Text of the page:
Consumption smoothing

What is consumption smoothing?

Individuals and households often carry out consumption smoothing by maintaining a relatively stable level of consumption over time. Most people are averse to drastic fluctuations in their consumption and try to ‘smooth’ out changes in their income by strategically borrowing and saving.

For example, a person may choose to save their bonus cheque (instead of spending it all) during good times to prepare for an unexpected change in their economic condition, such as unemployment.

How do people smooth their consumption?

No one can determine with absolute certainity if and when their socioeconomic situation will change, and for how long. Although no one can predict the future, individuals can make an educated guess. Long-term financial plans allow individuals and households to change their consumption in response to their outlook of the future. For instance, an individual may choose to borrow money during college years and cut down on expenses in this period, with the assumption that they can pay off this debt once they have their college degree. Similarly, many people save for their retirement because they expect their income to decrease during their old age. The level of smoothing an individual chooses depends on many factors, such as risk preferences and credit constraints.

Understanding income and consumption paths

First, let’s observe how income and consumption interact over time. The graph below presents an individual’s income and consumption over three time periods. Their income fluctates but their consumption is perfectly smooth; they consume an equal amount of their total income each period.

Assume that they earn $3,500 in the first period, $6,000 in the second period and $4,000 in the third period. Observe that the consumption line is above the income line in periods one and three. This indicates that their expenses are higher than their income. How is that possible?

Recall what we learned about borrowing and lending behavior with respect to current and future income in the previous tabs. It is possible to consume more than you earn by borrowing at market interest rates. Similarly, by saving money when income is higher than consumption in period two, you meet expenses in period three when income falls again.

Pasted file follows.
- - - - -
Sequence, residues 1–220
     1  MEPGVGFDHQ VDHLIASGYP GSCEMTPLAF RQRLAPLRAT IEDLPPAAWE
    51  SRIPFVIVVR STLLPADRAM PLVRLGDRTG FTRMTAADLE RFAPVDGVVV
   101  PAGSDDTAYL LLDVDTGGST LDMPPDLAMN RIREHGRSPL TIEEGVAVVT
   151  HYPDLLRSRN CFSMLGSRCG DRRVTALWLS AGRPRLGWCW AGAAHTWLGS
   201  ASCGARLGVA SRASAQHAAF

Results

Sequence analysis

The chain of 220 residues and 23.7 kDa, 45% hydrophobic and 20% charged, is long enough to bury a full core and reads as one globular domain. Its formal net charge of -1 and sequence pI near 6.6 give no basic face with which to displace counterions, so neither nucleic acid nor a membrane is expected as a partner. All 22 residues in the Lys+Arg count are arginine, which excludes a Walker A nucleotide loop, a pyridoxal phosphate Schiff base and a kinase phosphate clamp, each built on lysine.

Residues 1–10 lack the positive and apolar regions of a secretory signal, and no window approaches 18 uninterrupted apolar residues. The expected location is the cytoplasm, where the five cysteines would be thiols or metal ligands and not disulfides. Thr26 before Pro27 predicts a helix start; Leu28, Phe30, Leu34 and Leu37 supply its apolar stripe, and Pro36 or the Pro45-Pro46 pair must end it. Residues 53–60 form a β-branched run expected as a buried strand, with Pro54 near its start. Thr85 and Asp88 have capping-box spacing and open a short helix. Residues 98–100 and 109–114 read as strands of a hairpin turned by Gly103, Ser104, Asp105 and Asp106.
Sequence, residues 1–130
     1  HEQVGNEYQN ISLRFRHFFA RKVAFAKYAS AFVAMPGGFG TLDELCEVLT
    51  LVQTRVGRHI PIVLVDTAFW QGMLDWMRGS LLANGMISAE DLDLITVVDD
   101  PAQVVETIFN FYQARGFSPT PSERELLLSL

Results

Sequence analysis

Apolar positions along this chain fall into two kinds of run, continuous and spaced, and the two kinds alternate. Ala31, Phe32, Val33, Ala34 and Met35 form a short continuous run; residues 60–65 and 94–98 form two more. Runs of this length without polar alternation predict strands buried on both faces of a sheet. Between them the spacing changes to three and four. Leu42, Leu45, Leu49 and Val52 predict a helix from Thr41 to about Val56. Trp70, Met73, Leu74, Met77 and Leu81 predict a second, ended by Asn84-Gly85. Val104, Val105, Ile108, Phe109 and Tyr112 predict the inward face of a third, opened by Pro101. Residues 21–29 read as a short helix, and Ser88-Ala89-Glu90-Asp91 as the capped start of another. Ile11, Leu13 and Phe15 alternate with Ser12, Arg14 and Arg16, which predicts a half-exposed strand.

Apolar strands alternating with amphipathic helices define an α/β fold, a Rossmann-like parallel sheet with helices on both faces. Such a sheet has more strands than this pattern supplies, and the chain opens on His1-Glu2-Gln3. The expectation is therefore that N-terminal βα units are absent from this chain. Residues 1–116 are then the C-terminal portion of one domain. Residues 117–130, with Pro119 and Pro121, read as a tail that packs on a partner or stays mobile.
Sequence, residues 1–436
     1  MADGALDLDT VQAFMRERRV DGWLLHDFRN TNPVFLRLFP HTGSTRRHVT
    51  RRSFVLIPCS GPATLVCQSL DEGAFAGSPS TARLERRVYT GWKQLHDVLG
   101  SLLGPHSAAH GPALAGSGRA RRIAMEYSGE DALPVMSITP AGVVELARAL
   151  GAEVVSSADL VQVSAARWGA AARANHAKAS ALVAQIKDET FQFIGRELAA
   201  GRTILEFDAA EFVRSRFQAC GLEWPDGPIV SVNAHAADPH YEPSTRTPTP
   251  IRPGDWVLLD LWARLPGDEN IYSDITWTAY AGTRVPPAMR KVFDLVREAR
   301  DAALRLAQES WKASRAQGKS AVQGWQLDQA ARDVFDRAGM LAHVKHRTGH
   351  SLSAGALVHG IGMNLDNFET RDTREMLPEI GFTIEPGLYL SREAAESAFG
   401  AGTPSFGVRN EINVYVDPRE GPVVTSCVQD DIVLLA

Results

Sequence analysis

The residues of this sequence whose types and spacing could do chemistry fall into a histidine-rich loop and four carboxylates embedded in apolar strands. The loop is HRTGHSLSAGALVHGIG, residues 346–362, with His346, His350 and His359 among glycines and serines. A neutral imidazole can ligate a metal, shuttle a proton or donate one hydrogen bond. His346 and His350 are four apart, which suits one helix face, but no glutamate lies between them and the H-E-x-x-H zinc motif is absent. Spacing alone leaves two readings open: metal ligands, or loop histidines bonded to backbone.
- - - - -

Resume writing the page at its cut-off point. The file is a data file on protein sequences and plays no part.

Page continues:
Try plugging in different values of income and observe the difference between income and consumption at different periods of time. How would an individual with perfect smoothing behavior react to each scenario? This figure is simplified because it does not incorporate interest rates. Next, we will introduce interest rates into the discussion of consumption smoothing by plotting a budget constraint.

Income and consumption paths

Consumption smoothing point

Now, let’s add to a budget constraint to identify the point where consumption is smoothed. In the figure below, you can adjust the value of current income, future income, the borrowing interest rate, and the lending interest rate. We find the consumption smoothing point by equating consumption now (the \(x\)-axis) to consumption later (the \(y\)-axis). This forms the equation of a line (the dashed line), where \(y = x\). The consumption smoothing point is the instersection of this line with the budget constraint.

Calculating the smoothing point

When you have different levels of income across periods, you must lend or borrow to reach your smoothing point and make your consumption equal in each period.

Lenders and borrowers receive different interest rates. Therefore, the first step in calculating the smoothing point is determining if you should lend or borrow. If you have more income in the future, you should borrow to translate some of your future earnings into money you can spend now. If you have more income now, you should lend your money to equalize consumption between periods. The choice to lend or borrow determines how you calculate the smoothing point.

Case One: Borrowing

Suppose you make more money in the future. This means you must borrow an amount \(B\) at the borrowing interest rate (\(r_{B}\)) to smooth your consumption. Your consumption now becomes the sum of your income now (\(y_{1}\)) and the amount you borrow (\(B\)). Your future consumption is your future income (\(y_{2}\)) minus the size of your loan and the interest paid. We can represent this with the following equation:

\[y_{1} + B = y_{2} - B(1 + r_{B})\]

Solve for \(B\) to determine how much money you should borrow to smooth consumption.

Case Two: Lending

You lend the amount \(L\) if you make more income in the current period than in the future. You can solve for \(L\) with another system of equations that utilizes the lending interest rate (\(r_{L}\)). When you lend money, your consumption becomes the difference between your current income and the amount you lend. Your future consumption becomes the sum of your future income, the amount you lent, and the extra income you earned in interest:

\[y_{1} - L = y_{2} + L(1 + r_{L})\]

Solve for \(L\) to calculate how much money you should lend to smooth consumption.

Try shifting the inputs in the figure below to explore how the consumption smoothing point changes as interest rates and income shift.

Visualizing the consumption smoothing point


Suppose an individual’s current income is $4 and their expected future income is $47. The lending rate of interest is 10% and the borrowing rate is 15%. If they want to have perfectly smooth consumption, how much can they consume in each period?

  • $23
  • $24
  • $24.50
  • $25.50
  • Enter the income and interest rate data into the graph above and check the midpoint.
  • Enter the income and interest rate data into the graph above and check the midpoint.
  • Enter the income and interest rate data into the graph above and check the midpoint.